Sunday, March 21, 2010

Examples of Flavors of InJo

Here are some examples illustrating different types of InJo, all relating to the iPad launch. Note that this is very tech-slanted InJo. Remember that InJo can also be social/cultural/business-oriented. Innovation is the introduction of novelties, the process of transforming ideas into new value in society. Technology is an enabler, and sometimes - but far from always - the key driver of innovation.

Here goes:

1. InJo covering the innovation release. This story by Chris Foresman in arstechnica is close to a product review, only it comes before the release, in the very last part of the innovation process, speculating on the product, the release and how it will affect Apple:

2. InJo covering the ability to innovate, and the future directions. The story by Seth Weintraub in ComputerWorld Blogs: Apple hires Richard De Vaul - specialist on wearable computers (e.g. computers embedded in clothes) - as "Senior Prototype Engineer". By interviewing De Vaul on his past we get a picture of Apple's possible future. The story gets traction from the iPad launch - as we are waiting for the iPad to come, we get curious about what may come after that.

3. InJo speculating on the future - columnist style. Here is one of my favorites - David Carnoy/CNET published this fictitious dialogue between Amazon's Jeff Bezos and Apple's Steve Jobs upon the launch of the Kindle. It was a critical review of the design of the Kindle (published in the reviews section), but at a same time an early visionary speculation of the iPad.

Sunday, March 14, 2010

Nokia chairman delivers Finnish InJo prize

The chairman of Nokia and Royal Dutch Shell, Jorma Ollila, will deliver the Innovation Crystal prize awarded for a particularly well-produced innovation-related story in Helsinki, Finland on the 25th of March. This is the fourth time the Finnish Society for Innovation Journalism ( arranges the competition that this year has attracted a record number of nominations. The event also marks a new momentum for Finjo that under its new chairman, Carl-Gustav Linden, a 2008 participant in the Innovation Journalism program at Stanford, is raising its profile in the debate on the future of this country with just over five million inhabitants.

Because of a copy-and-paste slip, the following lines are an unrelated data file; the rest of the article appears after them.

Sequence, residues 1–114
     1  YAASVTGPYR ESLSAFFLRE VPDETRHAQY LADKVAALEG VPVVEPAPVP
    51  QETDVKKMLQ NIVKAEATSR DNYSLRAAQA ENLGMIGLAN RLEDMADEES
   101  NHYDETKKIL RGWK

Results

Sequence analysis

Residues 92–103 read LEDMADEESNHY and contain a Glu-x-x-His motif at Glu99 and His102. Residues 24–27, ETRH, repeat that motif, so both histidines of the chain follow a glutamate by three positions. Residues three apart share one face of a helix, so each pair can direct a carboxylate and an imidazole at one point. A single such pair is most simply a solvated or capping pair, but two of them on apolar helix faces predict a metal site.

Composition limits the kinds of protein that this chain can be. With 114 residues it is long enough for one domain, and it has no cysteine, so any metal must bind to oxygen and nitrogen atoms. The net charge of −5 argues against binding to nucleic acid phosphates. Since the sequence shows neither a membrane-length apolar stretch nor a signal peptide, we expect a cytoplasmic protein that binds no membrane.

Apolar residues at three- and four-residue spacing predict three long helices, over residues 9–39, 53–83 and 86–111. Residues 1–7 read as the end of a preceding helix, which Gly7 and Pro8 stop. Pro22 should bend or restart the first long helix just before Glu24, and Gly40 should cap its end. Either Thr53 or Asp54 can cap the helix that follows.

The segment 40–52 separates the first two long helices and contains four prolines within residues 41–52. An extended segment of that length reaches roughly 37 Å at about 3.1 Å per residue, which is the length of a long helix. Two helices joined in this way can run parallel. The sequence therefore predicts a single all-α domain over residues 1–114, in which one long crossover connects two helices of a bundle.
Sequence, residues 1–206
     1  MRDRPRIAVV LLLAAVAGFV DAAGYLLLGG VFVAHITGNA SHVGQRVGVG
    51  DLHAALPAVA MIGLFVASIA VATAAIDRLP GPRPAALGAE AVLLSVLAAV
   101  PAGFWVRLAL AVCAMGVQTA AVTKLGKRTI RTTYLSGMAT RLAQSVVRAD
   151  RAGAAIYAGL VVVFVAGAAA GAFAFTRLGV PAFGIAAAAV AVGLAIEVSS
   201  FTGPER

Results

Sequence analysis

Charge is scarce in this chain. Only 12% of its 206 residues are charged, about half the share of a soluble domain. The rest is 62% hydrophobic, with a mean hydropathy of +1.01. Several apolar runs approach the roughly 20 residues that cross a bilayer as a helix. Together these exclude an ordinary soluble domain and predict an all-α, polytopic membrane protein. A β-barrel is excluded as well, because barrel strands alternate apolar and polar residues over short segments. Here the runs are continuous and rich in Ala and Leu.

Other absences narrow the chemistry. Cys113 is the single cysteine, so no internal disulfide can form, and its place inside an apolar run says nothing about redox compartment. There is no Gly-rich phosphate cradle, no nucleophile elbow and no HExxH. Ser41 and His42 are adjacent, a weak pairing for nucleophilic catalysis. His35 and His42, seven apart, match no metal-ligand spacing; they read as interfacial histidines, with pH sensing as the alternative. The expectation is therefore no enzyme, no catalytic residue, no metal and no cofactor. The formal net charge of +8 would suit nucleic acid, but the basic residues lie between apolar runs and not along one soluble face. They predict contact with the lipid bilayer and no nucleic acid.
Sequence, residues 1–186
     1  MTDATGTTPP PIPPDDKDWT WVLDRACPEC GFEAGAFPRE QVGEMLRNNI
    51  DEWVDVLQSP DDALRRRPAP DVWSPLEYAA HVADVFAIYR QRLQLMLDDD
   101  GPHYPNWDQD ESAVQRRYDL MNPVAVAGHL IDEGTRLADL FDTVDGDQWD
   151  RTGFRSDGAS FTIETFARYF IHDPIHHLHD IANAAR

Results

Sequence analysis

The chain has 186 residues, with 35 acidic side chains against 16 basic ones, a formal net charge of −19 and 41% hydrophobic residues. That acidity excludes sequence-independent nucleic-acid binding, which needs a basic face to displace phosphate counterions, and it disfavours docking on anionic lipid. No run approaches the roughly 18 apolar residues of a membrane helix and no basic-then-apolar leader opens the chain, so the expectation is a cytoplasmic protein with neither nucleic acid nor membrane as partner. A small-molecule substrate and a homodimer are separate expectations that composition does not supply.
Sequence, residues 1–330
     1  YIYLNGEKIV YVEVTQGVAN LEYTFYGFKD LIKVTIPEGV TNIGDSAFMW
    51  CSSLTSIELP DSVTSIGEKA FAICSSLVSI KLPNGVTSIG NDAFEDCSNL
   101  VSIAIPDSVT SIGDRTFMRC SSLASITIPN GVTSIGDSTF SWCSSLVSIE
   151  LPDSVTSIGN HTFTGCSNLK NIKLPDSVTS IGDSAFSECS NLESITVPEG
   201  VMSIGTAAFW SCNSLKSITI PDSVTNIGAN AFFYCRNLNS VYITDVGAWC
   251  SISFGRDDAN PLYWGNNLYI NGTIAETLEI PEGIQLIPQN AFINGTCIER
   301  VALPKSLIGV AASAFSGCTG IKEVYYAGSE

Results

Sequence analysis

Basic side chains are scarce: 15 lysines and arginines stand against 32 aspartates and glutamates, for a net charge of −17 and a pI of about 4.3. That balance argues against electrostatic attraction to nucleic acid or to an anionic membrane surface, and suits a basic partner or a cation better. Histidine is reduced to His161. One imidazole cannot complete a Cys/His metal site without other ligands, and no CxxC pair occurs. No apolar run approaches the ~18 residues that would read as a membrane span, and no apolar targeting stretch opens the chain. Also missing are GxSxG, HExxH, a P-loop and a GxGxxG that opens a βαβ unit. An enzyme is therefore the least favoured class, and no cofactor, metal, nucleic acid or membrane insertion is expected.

Finland is profiled as the world´s first country that implemented an Innovation Policy Program based on R&D and knowledge, as early as 1990. Finjo, founded three years ago, is another first; so far the only association in the world formally committed to Innovation Journalism, that is journalism about innovation and innovations in journalism. The word innovation is somewhat tainted by hype and rhetoric.

“I think it´s easier to get the message through if we talk about renewal processes or social change. I also believe that the deep recession Finland and parts of the world is in right now makes the issue more urgent and people more responsive. It’s a sort of Finland 2.0 discourse”, says Carl-Gustav Linden who is a business writer and researcher at University of Helsinki.

Finjo brings a broad variety of experts together –journalists, communication specialists, researchers, bureaucrats and business people for sharing thoughts on topics varying from the effects of social media to the R&D policy of the European Union. Openness is maybe one of the strongest assets of Finland and the rest of the Nordic countries, where Linux and MySQL are just two examples of where open and voluntary collaboration can lead.

“Even though Finland has been ahead of the rest in forming innovation policy there is a need for politicization and democratization and I believe Finjo is be just the right venue for these discussions”, says Carl-Gustav Linden.